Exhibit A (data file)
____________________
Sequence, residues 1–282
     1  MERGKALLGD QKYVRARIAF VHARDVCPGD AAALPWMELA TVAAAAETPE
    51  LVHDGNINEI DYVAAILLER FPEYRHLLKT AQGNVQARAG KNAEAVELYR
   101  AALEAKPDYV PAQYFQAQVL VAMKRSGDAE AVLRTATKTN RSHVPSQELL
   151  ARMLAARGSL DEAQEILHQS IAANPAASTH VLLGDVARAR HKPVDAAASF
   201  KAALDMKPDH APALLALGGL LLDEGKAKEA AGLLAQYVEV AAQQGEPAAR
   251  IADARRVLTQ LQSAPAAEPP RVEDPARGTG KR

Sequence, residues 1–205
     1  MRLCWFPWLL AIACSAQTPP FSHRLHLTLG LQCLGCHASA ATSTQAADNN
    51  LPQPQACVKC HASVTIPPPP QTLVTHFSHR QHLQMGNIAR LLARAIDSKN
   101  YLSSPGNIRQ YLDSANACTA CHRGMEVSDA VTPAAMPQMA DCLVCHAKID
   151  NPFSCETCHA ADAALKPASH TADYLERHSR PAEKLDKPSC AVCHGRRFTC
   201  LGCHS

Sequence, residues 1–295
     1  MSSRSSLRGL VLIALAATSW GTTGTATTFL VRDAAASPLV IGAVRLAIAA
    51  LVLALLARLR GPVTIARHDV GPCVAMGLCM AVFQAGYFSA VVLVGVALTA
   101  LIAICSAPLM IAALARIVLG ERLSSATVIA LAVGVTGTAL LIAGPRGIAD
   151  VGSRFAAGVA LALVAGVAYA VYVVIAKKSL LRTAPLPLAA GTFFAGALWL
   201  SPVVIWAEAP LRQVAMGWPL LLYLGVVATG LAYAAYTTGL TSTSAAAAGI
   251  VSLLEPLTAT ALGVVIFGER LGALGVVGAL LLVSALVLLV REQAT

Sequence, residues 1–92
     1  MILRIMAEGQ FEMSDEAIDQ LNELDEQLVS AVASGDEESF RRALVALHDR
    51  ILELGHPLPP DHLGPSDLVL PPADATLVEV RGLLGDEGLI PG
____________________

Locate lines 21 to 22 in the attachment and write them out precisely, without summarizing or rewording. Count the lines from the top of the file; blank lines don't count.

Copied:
Sequence, residues 1–92
     1  MILRIMAEGQ FEMSDEAIDQ LNELDEQLVS AVASGDEESF RRALVALHDR